By Ambra Visentin

The data collected and highlighted in the more than one-hour video investigation by Report, a programme of the public broadcaster RAI – with 12,000 employees, an annual budget of 2.5 billion euros and a market share of 36 per cent – paints a disastrous picture: the country is preparing to spend more than 800 million euros in a few years to ‘manage’ less than 3,000 migrants per year in two collection centres under construction in Albania.

The programme denounced mismanagement and waste on the part of the Italian government, and corruption and possible involvement of organised crime in the project on the Albanian side. The Albanian socialist prime minister, Edi Rama, did not like the programme so much that he called RAI’s deputy news director, Paolo Corsini, to complain. Prime Minister Meloni then asked the broadcaster to apologise for the allegedly defamatory portrayal of a ‘friendly country’.

The Rome-Tirana Protocol

But what exactly does the agreement, signed in November 2023 and finally approved on 15 February 2024, consist of? At the signing of the treaty with the Albanian Prime Minister Edi Rama, Meloni explained: “The agreement consists in the fact that Albania will allow Italy to use some areas on Albanian territory where Italy will be able to build, at its own expense and under its own jurisdiction, two facilities where centres for the management of illegal migrants can be set up.

Migrants attempting to reach Italy, if intercepted in international waters by the Italian Navy or Coast Guard, could be diverted to the far north of Albania, a few kilometres from the border with Montenegro, instead of being taken to the nearest port in Italy. The disembarkation will take place in the port of Shëngjin, where the Italian hotspot will be located: a centre for the initial reception and sorting of migrants. After initial identification, they would then be taken 20 kilometres further north, to Gjadër, to a 70,000 square metre reception centre surrounded by mountains.

Those who would actually be received in these centres would already be defined in an initial selection on the ship at sea. Only ‘non-vulnerable’ adult males from countries with which Italy has bilateral agreements (and therefore willing to accept their citizens) would be diverted to Albania. According to the protocol, the facilities will be able to accommodate a maximum of 3,000 migrants at a time. However, the Italian Prime Minister is relying on the accelerated procedures introduced by the ‘Cutro decree’, which will allow asylum applications to be processed in 28 days, thus allowing for ‘a total annual flow of up to 36,000 people’.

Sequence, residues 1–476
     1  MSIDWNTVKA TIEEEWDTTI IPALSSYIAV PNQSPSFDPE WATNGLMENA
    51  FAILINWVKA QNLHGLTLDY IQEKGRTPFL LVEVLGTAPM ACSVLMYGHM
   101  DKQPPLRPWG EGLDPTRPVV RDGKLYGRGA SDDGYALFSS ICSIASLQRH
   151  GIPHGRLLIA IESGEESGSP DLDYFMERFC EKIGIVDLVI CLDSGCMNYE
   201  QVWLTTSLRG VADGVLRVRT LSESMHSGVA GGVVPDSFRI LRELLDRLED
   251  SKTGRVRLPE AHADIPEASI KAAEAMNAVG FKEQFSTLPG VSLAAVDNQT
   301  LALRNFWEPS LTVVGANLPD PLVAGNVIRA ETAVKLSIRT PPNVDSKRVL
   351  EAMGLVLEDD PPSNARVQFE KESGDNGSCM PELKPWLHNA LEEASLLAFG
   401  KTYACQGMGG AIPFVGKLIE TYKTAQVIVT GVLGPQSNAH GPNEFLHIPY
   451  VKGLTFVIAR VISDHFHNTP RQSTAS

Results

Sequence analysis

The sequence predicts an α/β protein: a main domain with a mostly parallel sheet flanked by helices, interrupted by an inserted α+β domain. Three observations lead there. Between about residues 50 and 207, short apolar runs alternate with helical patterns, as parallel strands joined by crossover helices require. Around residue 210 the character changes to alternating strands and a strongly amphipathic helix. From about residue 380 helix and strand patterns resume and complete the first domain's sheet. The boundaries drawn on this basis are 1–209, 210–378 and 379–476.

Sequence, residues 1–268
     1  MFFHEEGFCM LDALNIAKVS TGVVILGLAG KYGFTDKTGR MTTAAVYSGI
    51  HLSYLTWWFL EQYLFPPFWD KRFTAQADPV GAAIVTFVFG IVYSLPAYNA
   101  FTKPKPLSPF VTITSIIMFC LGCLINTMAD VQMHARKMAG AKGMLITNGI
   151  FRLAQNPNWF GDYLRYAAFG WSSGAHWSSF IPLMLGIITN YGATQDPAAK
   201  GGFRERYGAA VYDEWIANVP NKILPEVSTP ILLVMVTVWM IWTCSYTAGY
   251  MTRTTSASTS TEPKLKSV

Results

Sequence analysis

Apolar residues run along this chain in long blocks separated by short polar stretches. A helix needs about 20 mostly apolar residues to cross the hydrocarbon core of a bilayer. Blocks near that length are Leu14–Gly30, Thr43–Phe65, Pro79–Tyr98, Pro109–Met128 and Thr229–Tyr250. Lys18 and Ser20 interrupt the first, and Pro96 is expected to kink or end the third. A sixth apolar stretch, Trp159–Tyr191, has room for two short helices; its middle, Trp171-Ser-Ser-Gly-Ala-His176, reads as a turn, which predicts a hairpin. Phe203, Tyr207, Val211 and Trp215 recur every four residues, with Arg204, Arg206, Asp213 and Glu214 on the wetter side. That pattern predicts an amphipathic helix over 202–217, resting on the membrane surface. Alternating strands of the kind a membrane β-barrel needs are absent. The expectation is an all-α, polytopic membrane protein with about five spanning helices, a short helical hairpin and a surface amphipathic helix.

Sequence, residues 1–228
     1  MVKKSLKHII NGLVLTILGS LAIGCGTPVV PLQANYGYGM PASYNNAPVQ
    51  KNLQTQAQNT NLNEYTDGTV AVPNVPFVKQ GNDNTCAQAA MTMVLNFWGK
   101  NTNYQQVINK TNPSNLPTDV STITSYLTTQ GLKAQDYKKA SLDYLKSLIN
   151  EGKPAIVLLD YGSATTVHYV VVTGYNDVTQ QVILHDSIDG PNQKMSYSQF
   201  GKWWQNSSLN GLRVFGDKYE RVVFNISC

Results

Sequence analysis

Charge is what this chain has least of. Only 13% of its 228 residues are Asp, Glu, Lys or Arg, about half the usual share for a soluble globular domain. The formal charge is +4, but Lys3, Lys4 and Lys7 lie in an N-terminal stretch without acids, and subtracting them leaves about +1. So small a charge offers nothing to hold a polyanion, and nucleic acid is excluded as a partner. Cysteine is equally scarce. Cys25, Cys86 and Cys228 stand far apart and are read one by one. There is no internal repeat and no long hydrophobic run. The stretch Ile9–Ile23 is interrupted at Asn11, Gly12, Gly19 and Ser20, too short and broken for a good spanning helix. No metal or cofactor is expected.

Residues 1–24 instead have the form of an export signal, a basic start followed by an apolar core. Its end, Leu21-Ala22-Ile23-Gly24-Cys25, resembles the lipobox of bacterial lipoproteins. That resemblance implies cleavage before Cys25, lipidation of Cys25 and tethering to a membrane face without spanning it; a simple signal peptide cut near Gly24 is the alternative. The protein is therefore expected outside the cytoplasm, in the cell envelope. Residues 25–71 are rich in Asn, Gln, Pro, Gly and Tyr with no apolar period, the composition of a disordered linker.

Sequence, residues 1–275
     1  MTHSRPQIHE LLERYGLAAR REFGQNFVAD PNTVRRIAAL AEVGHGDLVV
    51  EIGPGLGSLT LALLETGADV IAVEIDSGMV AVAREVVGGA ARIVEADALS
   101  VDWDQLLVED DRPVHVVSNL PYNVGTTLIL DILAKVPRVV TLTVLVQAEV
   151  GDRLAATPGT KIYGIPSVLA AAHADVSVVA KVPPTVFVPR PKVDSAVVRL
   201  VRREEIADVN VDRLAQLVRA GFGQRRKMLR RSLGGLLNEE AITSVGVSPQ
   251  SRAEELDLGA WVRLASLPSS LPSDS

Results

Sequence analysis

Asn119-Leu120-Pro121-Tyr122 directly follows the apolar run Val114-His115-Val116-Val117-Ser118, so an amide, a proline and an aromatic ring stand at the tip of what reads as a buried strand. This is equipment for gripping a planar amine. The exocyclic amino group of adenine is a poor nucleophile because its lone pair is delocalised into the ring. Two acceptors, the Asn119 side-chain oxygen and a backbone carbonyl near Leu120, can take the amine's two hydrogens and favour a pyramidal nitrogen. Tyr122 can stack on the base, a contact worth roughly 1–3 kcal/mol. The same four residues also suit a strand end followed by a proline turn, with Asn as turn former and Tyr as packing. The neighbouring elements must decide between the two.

Where is the hook?

According to the journalistic investigation, the protocol has several critical points, starting with the actual number of applications that can be processed. In fact, the report points out, the accelerated procedures never really got off the ground after the rulings of the Italian courts that effectively blocked the Cutro decree. It now takes an average of two and a half years for the government to respond to an asylum application.

In addition, the call for tenders to run the two centres says they can accommodate 1024 persons. This would mean a maximum of 11,000 people per year. The latter figure is further reduced if we consider the amount earmarked for managing the migrants in the hotspot, 34 million, which, according to the Ministry’s tables on the daily expenditure earmarked for each migrant, brings us to 2822 migrants. Considering that 150,000 migrants will land in Italy in 2023 alone, the report reiterates, only 2% of the total would be temporarily accommodated in the Albanian centres. The TV programme also refers to a “forced cruise in the Mediterranean” for the migrants who will be diverted to Albania, as the plan is for them to be transferred to Italy at some point for their cases to be further examined.

Then there is the question of spending. The estimated total cost of €650 million over five years has already risen to over €800 million. This comes partly from having to cut back on key ministries: 54.7 million will be taken from the Ministry of Infrastructure, 2.5 million from University and Research, 9.3 million from Education and 1.8 million from Health. The final expenditure, which was supposed to be completed by the end of May but which an update of the timetable would postpone until November, will be revised after the actual completion of the work.

Lastly, there is the question of reimbursing the Albanian government for the costs of providing security outside the centres in Albania and urbanising these areas, which cost a total of 100 million euros over five years. Finally, the report points out that in the event of a change of government in Albania, Italy could lose the right to use the centres it has built, since they have been given on loan.

The issue of trust and complaints to the “narco-state”.

The data presented against the ‘Meloni model’ would therefore be different. But what provoked a strong reaction from the Italian and Albanian prime ministers was the question of mutual trust, which did not really exist, and the accusations against Albanian politicians, who were allegedly highly corrupt and involved in international drug trafficking.
In fact, Tirana asked for a second fund to guarantee future Italian payments, which would hold money that Rome could no longer withdraw. For its part, Italy runs the risk of investing in centres it has built, but which may no longer be ‘its’ in five years’ time. As early as 2002, the Italian government built a prison in Albania that was later used exclusively by the Albanian government.

Cover image by Alessio Tricani on Shutterstock